By Susan Olsen Orpilla, Contributing Writer
Stow – Local award-winning poet and author Susan Edwards Richmond encourages us all to remember that nature and our outdoor environment is for our enjoyment but also so much more.
“We need to respect nature. It’s not there just for our use and convenience,” she said. “It is a part of human life.”
Respecting nature will also help reveal our commonalities as well as developing more compassion for animals and the environment, she added.
For Edwards Richmond, connecting with nature and animals is very healing, revealing, and transforming. As such, she uses her writing to inspire others to experience the same emotions. Writing since childhood, most of her works are poetry with alluring imagery and detailed accounts of movement.
Born in California, her family moved to upstate New York when she was quite young. Her love of nature and animals grew from exploring the woods of her backyard and catching crayfish in a local creek. Edwards Richmond first moved to Massachusetts to attend Williams College where she majored in English with a concentration in creative writing. She then attended the University of California at Davis and received a master of arts in creative writing and poetry.
Her career path has intertwined her love of nature and her writing journey. She began submitting her creative writing after college and has over 100 works published in journals and anthologies such as Appalachia, Birdwatcher’s Digest, Earthwise, Sanctuary, The Dire Elegies: 59 Poets on Endangered Species of North America and Runes: A Review of Poetry: Hearth.
She said that she starts with a few thoughts and lets them run as far as they can. Her writing takes her down the path to where it wants to go; in fact, her first published book came about that way. While developing curriculum for the Jason Foundation for Education, she transcribed an interview with a Shaman about the myth of pink freshwater river dolphins in the Amazon which would take on human form and were often used to explain mysterious happenings. Intrigued by this widely believed story, Edwards Richmond was inspired to write her first book, Boto in 2002.
Her second book, Birding in Winter developed from her love of bird watching from the snowy landscapes of New England to the beaches of Florida. With a very different theme, her third book Purgatory Chasm (Adastra Press, 2007) is a collection featuring different aspects of the popular hiking site in Sutton, Mass., including rock formations, modern hikers, ghosts of those who have died there, as well as the inner struggles and reflections of her own past.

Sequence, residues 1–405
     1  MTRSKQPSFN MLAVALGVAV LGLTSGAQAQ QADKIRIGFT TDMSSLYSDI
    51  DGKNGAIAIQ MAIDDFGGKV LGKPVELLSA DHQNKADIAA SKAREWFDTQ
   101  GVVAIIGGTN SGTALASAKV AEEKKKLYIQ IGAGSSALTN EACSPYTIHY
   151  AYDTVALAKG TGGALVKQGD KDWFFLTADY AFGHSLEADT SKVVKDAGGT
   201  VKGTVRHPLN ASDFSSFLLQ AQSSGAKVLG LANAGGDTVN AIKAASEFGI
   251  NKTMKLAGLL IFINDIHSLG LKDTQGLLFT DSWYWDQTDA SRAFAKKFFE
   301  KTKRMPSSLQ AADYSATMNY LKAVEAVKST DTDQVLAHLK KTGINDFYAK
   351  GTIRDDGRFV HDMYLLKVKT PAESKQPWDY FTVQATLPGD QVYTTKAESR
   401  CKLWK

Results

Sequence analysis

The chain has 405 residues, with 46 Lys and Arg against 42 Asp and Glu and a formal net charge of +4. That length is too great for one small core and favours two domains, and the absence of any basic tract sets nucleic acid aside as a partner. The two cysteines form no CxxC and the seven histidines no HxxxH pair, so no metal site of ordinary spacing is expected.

This October Peachtree Publishing Company Inc. will be releasing Edwards Richmond’s first children’s book. Bird Count was inspired by her own experience in in the National Audubon Society’s Christmas Bird Count. She looks forward to writing more books for children joining story with nature, science, and environmental concepts.
In addition to freelance writing, proofing and editing, Edwards Richmond has taught creative writing at the Shirley Medium Correctional Facility and various universities. She is also a founding member of The Concord Poetry Center and oversees the Poem of the Month at Old Frog Pond Farm & Studio. She has a passion for inspiring other writers and artists by leading Plein Air (outdoor) walks connecting people with the community of nature. She loves the children’s excitement and openness to nature at her current position as a Preschool Teacher at Mass Audubon’s Drumlin Farm Community Preschool.
Edwards Richmond had lived many years in Acton and recently moved to Stow where her yard is reminiscent of her childhood backyard full of green and trees. Her husband Jim and two grown daughters, Elana and Sonia, also share her love of nature.